#71  
Old 01-31-2013, 12:49 AM
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sidewinder22 sidewinder22 is offline
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Quote:
Originally Posted by KniceZ View Post
Really - you'd call a course with holes that have 20' elevation change as very hilly??? 20' over a 400' hole is less than 0.5% grade.

I didn't expect it to take 100'+ to be called very hilly but 20' I'd call that moderate at most.

I agree with some of the later posts that you don't want a course to have more than maybe 150' min to max elevation change but going up and down 20' for 9 holes isn't much. And I'm from the low lands of Virginia.
Your math is wrong, it's 5.0% grade not 0.5%. Vertical 20' is probably borderline depending on the hole length, for a 300' long hole that would probably be very hilly, but at 400' I'd probably call it moderate. It also depends on how drastic the change is from point to point or if its just an even grade the hole distance it doesn't seem as hilly.
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  #72  
Old 01-31-2013, 12:57 AM
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Quote:
Originally Posted by KniceZ View Post
Really - you'd call a course with holes that have 20' elevation change as very hilly??? 20' over a 400' hole is less than 0.5% grade.

I didn't expect it to take 100'+ to be called very hilly but 20' I'd call that moderate at most.

I agree with some of the later posts that you don't want a course to have more than maybe 150' min to max elevation change but going up and down 20' for 9 holes isn't much. And I'm from the low lands of Virginia.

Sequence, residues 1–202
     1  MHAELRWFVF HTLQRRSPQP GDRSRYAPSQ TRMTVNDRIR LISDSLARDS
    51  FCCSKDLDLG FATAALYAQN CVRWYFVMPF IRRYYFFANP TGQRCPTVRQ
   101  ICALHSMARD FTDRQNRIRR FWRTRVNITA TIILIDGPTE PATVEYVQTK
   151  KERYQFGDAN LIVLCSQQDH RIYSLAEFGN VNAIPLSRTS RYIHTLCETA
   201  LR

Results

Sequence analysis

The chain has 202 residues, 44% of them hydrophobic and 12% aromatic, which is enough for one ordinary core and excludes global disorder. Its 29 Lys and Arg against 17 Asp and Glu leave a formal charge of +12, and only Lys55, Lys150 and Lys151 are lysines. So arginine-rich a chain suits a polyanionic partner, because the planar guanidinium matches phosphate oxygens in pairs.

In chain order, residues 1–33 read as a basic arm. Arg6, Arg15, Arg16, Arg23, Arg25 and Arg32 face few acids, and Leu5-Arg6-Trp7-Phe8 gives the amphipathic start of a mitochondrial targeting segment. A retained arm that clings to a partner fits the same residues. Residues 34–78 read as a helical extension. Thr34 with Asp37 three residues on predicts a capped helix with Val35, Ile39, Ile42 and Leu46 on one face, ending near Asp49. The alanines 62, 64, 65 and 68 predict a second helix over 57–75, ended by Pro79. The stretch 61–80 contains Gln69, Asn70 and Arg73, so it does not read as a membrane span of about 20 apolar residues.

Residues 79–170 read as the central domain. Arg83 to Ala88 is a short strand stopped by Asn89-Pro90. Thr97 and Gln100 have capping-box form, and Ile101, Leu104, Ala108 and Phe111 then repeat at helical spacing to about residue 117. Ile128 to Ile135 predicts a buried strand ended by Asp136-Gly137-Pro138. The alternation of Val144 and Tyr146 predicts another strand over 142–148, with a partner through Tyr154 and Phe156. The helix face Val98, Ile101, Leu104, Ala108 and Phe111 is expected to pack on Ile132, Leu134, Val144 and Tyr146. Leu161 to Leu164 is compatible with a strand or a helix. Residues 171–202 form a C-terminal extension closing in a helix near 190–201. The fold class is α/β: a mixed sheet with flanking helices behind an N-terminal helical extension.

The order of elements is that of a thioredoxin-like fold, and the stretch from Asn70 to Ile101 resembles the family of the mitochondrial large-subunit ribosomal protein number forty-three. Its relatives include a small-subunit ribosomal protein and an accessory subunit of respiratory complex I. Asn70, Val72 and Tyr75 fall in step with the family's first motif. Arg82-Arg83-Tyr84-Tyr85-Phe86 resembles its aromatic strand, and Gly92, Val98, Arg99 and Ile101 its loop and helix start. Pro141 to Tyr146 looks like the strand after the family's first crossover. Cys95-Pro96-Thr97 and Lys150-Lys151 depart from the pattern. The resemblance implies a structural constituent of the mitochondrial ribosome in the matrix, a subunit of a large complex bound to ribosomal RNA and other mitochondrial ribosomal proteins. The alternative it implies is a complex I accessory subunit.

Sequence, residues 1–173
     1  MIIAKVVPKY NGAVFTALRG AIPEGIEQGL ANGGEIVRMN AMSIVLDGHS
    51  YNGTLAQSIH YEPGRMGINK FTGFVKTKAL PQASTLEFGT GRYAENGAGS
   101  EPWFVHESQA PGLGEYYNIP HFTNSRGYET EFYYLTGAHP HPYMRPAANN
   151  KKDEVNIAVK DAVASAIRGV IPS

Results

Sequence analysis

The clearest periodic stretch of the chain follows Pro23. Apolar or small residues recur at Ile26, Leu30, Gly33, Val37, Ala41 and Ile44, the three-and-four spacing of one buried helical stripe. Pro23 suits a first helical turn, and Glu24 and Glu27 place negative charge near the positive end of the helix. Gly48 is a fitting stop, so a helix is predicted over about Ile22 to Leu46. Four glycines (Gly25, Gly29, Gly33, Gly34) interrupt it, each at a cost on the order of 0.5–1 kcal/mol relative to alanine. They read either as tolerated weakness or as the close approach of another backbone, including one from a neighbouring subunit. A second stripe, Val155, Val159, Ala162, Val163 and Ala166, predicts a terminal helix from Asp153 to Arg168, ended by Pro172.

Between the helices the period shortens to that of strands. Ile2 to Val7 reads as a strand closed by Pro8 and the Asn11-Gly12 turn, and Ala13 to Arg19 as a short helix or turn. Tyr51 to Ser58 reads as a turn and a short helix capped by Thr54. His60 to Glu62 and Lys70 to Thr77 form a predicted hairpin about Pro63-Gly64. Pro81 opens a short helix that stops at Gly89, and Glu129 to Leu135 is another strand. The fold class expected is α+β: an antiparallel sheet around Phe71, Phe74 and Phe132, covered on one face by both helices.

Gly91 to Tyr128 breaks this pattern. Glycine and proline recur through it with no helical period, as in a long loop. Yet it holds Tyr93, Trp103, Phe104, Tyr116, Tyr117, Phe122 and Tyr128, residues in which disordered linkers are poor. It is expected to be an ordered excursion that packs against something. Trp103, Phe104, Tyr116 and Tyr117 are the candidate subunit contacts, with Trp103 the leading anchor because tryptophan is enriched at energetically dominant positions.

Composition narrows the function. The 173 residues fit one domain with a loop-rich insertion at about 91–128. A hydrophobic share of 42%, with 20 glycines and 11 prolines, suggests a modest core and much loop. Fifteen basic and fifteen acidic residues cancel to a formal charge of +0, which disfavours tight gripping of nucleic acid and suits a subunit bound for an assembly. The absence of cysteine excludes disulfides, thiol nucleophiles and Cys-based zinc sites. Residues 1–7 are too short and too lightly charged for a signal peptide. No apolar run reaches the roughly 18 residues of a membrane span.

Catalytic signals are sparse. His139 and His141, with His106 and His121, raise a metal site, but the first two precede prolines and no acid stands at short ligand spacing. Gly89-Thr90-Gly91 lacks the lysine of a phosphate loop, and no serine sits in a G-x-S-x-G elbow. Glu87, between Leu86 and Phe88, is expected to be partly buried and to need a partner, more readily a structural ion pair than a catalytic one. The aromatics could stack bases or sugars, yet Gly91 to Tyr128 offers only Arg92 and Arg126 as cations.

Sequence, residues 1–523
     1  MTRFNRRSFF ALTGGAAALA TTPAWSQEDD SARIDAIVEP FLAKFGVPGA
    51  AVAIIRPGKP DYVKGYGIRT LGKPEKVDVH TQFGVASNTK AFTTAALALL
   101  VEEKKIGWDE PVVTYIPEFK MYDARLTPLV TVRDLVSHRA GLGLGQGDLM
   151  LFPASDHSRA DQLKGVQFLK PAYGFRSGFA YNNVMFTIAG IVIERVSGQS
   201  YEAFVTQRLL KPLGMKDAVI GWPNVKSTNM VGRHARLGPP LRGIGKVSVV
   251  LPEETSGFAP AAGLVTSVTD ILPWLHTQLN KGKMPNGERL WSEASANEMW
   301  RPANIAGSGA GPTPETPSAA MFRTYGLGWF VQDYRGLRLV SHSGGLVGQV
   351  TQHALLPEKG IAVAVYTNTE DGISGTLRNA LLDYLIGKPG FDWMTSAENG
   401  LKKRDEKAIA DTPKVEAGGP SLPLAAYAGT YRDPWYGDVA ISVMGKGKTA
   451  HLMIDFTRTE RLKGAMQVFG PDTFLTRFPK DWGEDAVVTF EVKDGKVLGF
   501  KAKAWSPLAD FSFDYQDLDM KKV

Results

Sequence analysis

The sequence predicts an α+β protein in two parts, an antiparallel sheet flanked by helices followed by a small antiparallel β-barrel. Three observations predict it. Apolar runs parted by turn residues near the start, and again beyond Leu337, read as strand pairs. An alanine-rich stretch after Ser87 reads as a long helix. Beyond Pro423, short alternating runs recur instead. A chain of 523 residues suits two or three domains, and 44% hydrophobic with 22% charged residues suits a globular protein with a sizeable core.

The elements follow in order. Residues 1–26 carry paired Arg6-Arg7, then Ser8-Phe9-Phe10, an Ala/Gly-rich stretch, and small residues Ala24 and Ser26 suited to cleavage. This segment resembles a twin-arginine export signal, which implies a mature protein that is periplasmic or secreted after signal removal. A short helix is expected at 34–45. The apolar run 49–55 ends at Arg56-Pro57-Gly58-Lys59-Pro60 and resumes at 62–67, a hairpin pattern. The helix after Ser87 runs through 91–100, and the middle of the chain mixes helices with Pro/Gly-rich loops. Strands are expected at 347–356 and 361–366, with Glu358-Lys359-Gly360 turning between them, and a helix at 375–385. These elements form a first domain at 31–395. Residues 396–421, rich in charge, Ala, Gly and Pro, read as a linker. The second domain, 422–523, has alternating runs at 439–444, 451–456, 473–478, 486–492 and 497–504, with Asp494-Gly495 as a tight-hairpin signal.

Yeah....I should have been more specific. Every time I don't get long-winded there seems to be this sort of post. Note that I said 20'+......and I should have been more clear that I was visualizing elevation in the 20-40' range.

30' of negative elevation change makes a 400' hole feel approximately like a 300' hole. 30' of positive elevation change makes a 200' hole feel more like 300'.

My point is that "Very Hilly" does necessarily mean mountainous, but rather that hills affect play on the majority of the course. 15-35' elevation change affects change. If 15 of 18 holes play up and down hills of this size, I see no problem calling it Very Hilly.......although I do agree with you that those are not big hills (when taken alone).

It is similar to "Heavily Wooded" does not mean only a heavy leafy canopy provided by big mature trees. It is the effect of tree trunks (saplings included) and shrubs on the flight of the disc: